Monday, November 14, 2005


Since I was in the Australian Army during the Vietnam war and volunteered for service in Vietnam, I take some interest in righting the misconceptions that prevail about that war. Just some excerpts below from a very wide-ranging article.

"Burkett looked into the apparently high suicide rate among Vietnam veterans and found it was not even remotely true. "Vietnam veterans have one of the lowest suicide rates in America. The two years after the war there was a slightly elevated rate that was only modestly higher then our peers who never went into the military. It fell off dramatically after that," he said.

Widespread Vietnam Veteran homelessness is another myth. "Back, around the late 70's Teddy Kennedy had a $10 million government grant to have a building in Boston for all the homeless Vietnam veterans. Several of guys gave testimonies about how they ended up on the street after Vietnam, but I got the military records of those individuals and virtually none of them were Vietnam veterans," he said. Burkett said other investigations have shown that very few "homeless veterans" were in the military.

Another myth he dispelled was the incarceration rate of Vietnam veterans. The prisons are not full of criminal veterans, Burkett said. "I went to the bureau of prisons and got the statistics, the demographics. At the time there were 1 million men in prison. 55% of those in prison are black, only 10.5% Vietnam Veterans are black. 80% of the incarcerated do not have a high school degree. As I mentioned 90% of Vietnam Veterans do have a high school degree. You can't get in the military with a felony conviction and 80% of the incarcerated have a felony conviction as a youth offender. About 75% came from broken homes, but about 80% of Vietnam Veterans came from a 2-parent home," he said.....

Burkett said drug rates were also low among Vietnam veterans, partly due to surprise inspections. "You could buy marijuana very easily; they literally sold it in bags on the street. But when you're living in a bay with 40 guys and you may be going into combat, I can guarantee if you're doing drugs-marijuana or otherwise-the 39 other guys are going to report it because they're not going into combat with some pot-head," he said....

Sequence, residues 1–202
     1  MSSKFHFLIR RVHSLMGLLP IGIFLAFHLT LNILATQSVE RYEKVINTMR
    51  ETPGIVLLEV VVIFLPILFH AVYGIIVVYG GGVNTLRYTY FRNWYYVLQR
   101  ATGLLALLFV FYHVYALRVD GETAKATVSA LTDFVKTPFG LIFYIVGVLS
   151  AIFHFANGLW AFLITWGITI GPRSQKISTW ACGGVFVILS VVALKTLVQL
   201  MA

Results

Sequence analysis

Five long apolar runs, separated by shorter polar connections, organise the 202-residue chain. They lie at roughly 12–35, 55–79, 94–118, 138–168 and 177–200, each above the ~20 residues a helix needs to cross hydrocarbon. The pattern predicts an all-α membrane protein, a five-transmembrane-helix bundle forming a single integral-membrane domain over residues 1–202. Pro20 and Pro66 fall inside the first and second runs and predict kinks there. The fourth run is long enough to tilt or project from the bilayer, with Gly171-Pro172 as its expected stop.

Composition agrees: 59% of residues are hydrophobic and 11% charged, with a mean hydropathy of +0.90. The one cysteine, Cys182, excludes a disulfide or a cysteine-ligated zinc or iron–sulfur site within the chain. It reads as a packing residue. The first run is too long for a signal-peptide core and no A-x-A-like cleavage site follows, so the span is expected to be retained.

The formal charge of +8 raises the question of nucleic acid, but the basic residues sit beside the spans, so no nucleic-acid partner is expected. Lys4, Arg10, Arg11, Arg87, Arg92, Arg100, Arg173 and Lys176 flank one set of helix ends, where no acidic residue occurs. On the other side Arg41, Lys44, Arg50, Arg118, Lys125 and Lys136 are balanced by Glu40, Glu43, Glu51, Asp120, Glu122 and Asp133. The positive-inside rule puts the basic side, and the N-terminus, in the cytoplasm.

Burkett said race was another politically incorrect myth he tackled. At the time of the Vietnam War, 13.5% of the draft pool was black yet only 12.5% among this group were drafted. Because of less access to medical care and lower educational rates, blacks failed the physical and aptitude exams at a higher rate than whites. "Nobody's ever telling the real story of the black man in Vietnam. They are always focusing on "The black man; the victim". They weren't victims; they were patriotic Americans. 75 percent of the blacks that served in Vietnam were volunteers-exactly the same rate as whites. Twenty won the Medal of Honor, 100 won the Distinguished Service Cross and dozens upon dozens won the airforce cross and the Navy Cross. "Nobody knows that about 300 went on to become admirals or generals in the armed services of America," he said.

Burkett also refuted the idea that it was only the poor or middle class who served and died in Vietnam. Contrary to an explosive story that said rich kids stayed home, Burkett said high per-capita income communities like Beverly Hills, and Grosse Pointe, Mich. actually had significantly higher casualty rates than the norm...."


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